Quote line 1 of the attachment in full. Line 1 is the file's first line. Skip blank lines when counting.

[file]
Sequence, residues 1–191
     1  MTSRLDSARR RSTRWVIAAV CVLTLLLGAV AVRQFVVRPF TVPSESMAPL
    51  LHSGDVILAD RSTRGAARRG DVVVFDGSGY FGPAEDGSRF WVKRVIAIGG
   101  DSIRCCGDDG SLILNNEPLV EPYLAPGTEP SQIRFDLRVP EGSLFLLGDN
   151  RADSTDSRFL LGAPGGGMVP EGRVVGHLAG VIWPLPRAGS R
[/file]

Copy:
Sequence, residues 1–191